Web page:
Announcing HP Wolf Security, and a New Report Assessing Remote Working Cyber Risks

wolf security
HP

HP recently announced the findings of a new report – Blurred Lines & Blindspots – a comprehensive global study assessing organizational cyber risk in an era of remote work. The report shows that changing work styles and behaviors are creating new vulnerabilities for companies, individuals, and their data.

According to the findings, 70% of office workers surveyed admit to using their work devices for personal tasks, while 69% are using personal laptops or printers for work activities. Almost one-third (30%) of remote workers surveyed have let someone else use their work device. As a result of these and other behaviors, home workers are increasingly being targeted by hackers.

The study provides a multi-dimensional view by combining findings from: a global YouGov online survey of 8,443 office workers; a global survey of 1,100 IT Decision Makers (ITDMs), conducted by Toluna; real-world threat data shared by customers from HP Sure Click micro-virtual machines; and analysis from KuppingerCole, an international, independent analyst firm. KuppingerCole notes there has been a 238% increase in global cyberattack volume during the pandemic.

The report coincides with the launch of HP Wolf Security, the company’s newly integrated portfolio of secure by design PCs and printers, hardware-enforced endpoint security software, and endpoint security services.

Blurred Lines Between Home and Office Creating New Risks

71% of employees surveyed say they access more company data, more frequently, from home now than they did pre-pandemic – with the most common types of data being accessed being: customer and operational data (43% each) and financial and HR records (23% each). At the same time, office workers are increasingly using their work devices for personal tasks. For example:

  • 33% download more from the internet than before the pandemic – a figure that rises to 60% for those aged 18-24.

  • 27% of respondents use their work device to play games more than before the pandemic – rising to 43% for parents of children aged 5-16.

  • 36% use their work device for watching content using online streaming services – again, this figure rises to 60% among those aged 18-24.

  • Four in ten office workers admit to using their work device for homework and online learning more in the past year. A figure that rises to 57% for parents of children aged 5-16.

Hackers are taking advantage of these shifting patterns to tailor their phishing campaigns. According to KuppingerCole, there was a 54% increase in malicious actors exploiting gaming platforms between January and April 2020, often directing users to phishing pages. HP Wolf Security’s threat insights also showed an increase in gaming-themed malware. For example, it identified campaigns distributing Ryuk ransomware via filesharing sites and samples of stealthy JavaScript downloader malware, Gootloader, both of which masqueraded as Fortnite cheats.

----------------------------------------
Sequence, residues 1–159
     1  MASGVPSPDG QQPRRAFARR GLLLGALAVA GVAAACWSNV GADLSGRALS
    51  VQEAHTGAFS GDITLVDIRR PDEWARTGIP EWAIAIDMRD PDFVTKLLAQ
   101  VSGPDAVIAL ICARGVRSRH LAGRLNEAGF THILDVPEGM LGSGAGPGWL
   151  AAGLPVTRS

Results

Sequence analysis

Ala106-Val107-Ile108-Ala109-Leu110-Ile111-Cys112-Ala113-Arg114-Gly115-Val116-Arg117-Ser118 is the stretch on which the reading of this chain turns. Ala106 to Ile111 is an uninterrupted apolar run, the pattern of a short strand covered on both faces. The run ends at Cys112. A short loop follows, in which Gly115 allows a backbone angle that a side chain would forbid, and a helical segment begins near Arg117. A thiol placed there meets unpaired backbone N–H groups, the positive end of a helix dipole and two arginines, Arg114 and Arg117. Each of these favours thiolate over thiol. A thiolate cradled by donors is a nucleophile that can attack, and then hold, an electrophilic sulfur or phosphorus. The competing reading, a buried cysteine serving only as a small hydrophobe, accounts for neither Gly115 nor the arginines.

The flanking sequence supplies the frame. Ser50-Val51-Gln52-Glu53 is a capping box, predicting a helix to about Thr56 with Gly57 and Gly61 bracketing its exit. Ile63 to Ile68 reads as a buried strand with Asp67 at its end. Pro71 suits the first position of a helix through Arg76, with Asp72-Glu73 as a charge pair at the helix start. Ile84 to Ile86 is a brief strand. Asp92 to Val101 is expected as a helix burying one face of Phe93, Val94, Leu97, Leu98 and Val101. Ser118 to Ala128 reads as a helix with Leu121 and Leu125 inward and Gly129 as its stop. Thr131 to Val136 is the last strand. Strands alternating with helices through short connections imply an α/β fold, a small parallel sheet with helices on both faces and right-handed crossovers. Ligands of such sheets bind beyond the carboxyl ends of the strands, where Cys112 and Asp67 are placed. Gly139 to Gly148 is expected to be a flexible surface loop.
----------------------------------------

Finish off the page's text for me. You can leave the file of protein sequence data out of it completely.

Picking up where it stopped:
KuppingerCole also found at least 700 fraudulent websites impersonating popular streaming services were identified in just one 7-day period in April 2020. Added to this, HP Wolf Security insights showed users attempting to download malware-infected files – including ransomware – from their personal email accounts to their work devices. Had these customers not been protected by HP Wolf Security micro-virtualisation then these incidents would have resulted in a breach, as they had successfully evaded all other layers of security.

Report Key Findings

  • 76% of office workers surveyed say working from home during COVID-19 has blurred the lines between their personal and professional lives.

  • 27% of office workers surveyed say they know they are not meant to share work devices but felt they ‘had no choice’ – yet 85% of ITDMs worry such behavior increases their company’s risk of a security breach.

  • Half of office workers say they now see their work devices as a personal device, while 84% of ITDMs worry such behavior increases their company’s risk of a security breach.

  • Over the past year: 54% of ITDMs saw an increase in phishing; 56% an increase in web browser related infections; 44% saw compromised devices being used to infect the wider business; while 45% saw an increase in compromised printers being used as an attack point.

Introducing HP Wolf Security

In response to these challenges, HP recently announced HP Wolf Security: a newly integrated portfolio of secure by design PCs and printers, hardware-enforced endpoint security software, and endpoint security services to protect customers from growing cyber threats. The company’s new HP Wolf Security platform builds on over 20 years of security research and innovation to offer a unified portfolio for customers focused on delivering comprehensive endpoint protection and cyber-resiliency. To support the launch of HP Wolf Security, HP has created a series of creative videos, depicting security scenarios that have come about due to the shift to remote working during the pandemic. These videos, starring Christian Slater as ‘The Wolf’ – who walks the line between good and bad, putting to use his hacker mindset to show how an attacker might operate – help to demonstrate the impact of such risks.

Download the report: HP Wolf Security Blurred Lines & Blindspots

Related:

Copyright © 2021 IDG Communications, Inc.